Is portable screening for hearing loss good enough to become the norm, replacing sound-treated booths?
- Published on 29 September 2021
New research published by the American Journal of Audiology has found that a portable device used in non-sound booth environments was "comparable to clinical audiometry for the identification of hearing loss at most frequencies".
Using GoAudio portable, anti-noise hardware combined with app-based hearing screening solution, the researchers tested reliability in conditions without an onsite health provider to administer the test.
And co-author of the study, Gayla L. Poling, audiology researcher at the USA's Mayo Clinic, told The Hearing Journal that the GoAudio portable device offered a "self-paced, automated hearing assessment option with potential for integration with consumer health management devices and assistive listening technologies in the clinic, classroom, home, and beyond".
Underlining that clinicians are looking to expand the now frequent use of portable screening devices to include tablet-based tools and new screening models, Poling stressed that portable automated hearing testing technologies so far marketed have been limited by affordability and the need for proper booths. This new study sought to examine the results of testing outside the booth environment.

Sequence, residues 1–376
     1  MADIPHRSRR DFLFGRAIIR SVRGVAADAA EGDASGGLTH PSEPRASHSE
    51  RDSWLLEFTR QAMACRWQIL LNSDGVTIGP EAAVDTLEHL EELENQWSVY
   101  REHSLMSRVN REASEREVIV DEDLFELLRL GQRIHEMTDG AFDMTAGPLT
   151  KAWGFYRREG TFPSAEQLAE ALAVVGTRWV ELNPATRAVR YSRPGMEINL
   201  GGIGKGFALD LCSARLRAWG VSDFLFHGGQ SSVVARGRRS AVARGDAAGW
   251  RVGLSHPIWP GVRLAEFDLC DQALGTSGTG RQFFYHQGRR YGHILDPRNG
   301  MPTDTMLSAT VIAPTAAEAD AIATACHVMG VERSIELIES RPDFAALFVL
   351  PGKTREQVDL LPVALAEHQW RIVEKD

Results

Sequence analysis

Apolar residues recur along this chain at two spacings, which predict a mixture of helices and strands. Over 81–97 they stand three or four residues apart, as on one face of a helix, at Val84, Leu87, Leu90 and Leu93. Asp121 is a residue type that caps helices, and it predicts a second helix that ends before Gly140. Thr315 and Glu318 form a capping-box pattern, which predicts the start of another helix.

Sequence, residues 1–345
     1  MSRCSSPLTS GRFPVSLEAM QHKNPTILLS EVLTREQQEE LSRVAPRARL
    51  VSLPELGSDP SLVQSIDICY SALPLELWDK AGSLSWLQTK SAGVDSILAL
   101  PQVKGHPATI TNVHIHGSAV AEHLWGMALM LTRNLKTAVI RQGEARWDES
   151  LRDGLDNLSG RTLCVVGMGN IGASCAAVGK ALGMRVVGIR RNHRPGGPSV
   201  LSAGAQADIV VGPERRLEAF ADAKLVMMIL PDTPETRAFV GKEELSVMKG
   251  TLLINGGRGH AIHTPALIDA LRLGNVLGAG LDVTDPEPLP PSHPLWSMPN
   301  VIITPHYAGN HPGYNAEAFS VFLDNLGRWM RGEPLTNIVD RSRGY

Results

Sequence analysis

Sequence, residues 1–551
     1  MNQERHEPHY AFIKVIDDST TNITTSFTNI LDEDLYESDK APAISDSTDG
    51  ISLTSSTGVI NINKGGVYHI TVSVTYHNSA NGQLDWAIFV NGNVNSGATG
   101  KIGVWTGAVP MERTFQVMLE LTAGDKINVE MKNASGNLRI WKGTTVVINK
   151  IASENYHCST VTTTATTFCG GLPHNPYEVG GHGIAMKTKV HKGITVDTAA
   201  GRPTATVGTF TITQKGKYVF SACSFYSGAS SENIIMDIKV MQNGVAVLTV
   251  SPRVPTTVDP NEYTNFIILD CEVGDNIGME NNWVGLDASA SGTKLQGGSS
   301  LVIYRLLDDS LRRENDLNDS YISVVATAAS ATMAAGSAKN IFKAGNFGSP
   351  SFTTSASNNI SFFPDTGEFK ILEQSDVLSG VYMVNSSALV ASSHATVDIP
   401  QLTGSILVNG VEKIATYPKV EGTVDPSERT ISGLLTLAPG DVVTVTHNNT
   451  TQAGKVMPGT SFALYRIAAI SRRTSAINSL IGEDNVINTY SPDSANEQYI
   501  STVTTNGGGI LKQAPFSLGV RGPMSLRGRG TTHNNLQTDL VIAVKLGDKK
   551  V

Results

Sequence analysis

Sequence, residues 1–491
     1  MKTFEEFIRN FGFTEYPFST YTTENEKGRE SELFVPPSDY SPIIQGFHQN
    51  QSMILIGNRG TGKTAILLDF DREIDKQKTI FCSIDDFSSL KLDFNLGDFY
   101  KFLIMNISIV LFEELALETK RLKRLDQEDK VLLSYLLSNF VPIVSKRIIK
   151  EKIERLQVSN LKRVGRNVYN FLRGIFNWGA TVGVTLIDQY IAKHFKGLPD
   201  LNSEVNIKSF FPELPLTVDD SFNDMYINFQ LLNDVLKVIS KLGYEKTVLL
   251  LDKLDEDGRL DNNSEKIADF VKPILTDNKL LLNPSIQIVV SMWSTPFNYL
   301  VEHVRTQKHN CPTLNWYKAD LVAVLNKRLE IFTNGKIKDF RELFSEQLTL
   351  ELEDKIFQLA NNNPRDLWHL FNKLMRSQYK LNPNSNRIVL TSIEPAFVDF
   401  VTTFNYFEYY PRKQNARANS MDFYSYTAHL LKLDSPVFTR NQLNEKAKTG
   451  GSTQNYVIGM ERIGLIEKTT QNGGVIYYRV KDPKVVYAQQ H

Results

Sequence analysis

“Results from GoAudio were comparable to clinical audiometry for identification of hearing loss at all frequencies, except 1 kHz in both ears and 2 kHz in the right ear,” the study found.
User literacy limitation
One of several limitations revealed by the study would be users' literacy in using the tool themselves, resulting in variancy that could impact the results, Poling pointed out. “We were able to incorporate these ‘lessons learned’ from user feedback to continue to refine GoAudio for improved usability in ongoing investigations,” the audiologist affirmed.
“Given the individualised characteristics and impacts of hearing loss, successfully utilising evidenced-based tools such as tablet-based hearing testing in the clinical practice is feasible and necessary to support accessibility and affordability of hearing care,” Poling confirmed.
Source: The Hearing Journal